A new year means new resolutions, and for some folks, that means sitting down and deciding to learn a new language. After all, in a world that is becoming increasingly multicultural, being multilingual is a handy skill. If you've been trying to figure out if there's a good app that will let you learn while commuting or at home, then we've got good news for you.
We've collected the best language learning apps on Android for you right here!
Learn languages: Rosetta Stone
Rosetta Stone is already well known as a great way to begin learning a new language, but you may not have realized that it was available on your phone. With access to 28 different languages, a slow and steady pace that is great for building up your confidence, and optional live tutoring, there is a reason that Rosetta Stone is king when it comes to language learning apps. Whether you're aiming to learn for fun, or you want to become fluent, this is a great place to start. This program will let you learn how to speak, write, and read in a new language, with an emphasis on building confidence in pronunciation and the ability to sync progress across your desktop and mobile devices.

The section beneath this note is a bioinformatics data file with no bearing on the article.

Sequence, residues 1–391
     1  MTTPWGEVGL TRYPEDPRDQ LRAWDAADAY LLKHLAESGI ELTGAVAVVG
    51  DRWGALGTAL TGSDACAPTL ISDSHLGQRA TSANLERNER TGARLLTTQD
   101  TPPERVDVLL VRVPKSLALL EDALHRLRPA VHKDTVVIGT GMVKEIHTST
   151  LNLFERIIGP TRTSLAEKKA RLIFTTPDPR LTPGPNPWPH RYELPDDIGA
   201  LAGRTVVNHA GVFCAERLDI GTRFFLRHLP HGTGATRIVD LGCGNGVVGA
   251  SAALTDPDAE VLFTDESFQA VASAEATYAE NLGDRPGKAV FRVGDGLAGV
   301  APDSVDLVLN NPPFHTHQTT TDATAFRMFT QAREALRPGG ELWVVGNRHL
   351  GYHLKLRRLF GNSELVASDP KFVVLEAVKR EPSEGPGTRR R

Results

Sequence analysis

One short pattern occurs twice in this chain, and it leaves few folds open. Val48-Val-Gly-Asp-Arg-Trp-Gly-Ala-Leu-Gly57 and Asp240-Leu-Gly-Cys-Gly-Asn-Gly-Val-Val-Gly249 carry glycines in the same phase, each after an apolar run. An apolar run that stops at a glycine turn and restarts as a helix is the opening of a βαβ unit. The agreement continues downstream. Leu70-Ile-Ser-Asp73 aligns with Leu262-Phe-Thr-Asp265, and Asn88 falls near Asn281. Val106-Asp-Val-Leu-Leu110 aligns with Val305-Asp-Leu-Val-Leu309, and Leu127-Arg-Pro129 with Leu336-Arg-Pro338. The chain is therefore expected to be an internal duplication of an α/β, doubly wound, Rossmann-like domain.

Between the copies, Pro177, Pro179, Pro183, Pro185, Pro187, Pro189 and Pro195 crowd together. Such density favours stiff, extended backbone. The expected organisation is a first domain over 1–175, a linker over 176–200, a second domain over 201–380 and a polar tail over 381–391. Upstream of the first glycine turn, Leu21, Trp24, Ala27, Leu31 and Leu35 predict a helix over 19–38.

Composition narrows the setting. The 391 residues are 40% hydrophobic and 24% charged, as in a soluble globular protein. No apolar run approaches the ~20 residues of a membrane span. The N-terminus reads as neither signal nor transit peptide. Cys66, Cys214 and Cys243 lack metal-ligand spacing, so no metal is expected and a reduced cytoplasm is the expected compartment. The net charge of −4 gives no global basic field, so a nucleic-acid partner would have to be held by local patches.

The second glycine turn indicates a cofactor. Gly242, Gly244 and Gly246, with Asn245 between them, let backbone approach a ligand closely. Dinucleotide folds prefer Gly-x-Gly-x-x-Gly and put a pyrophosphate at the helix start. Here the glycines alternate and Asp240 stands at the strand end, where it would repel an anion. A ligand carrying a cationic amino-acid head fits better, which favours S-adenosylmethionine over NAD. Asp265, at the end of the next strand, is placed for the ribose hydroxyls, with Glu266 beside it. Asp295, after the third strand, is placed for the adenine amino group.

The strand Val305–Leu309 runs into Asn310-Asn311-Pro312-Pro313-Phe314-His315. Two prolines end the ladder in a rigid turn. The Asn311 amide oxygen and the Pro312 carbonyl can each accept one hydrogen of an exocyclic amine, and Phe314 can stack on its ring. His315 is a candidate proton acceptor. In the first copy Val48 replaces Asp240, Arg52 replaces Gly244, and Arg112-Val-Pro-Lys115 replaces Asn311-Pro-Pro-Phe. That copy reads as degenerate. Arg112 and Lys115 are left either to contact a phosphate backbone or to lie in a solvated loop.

When it comes to language apps, Rosetta Stone may already be the first software you think of. There's a good reason for that too. For years Rosetta Stone has dominated language learning on PC and its mobile version is just as solid. While getting access to the full program is a bit pricey, if you're motivated to really learn a new language it's worth the hit to your wallet in the long run.
Jill Duffy of PCMag gave it high marks for a foundation in a new language.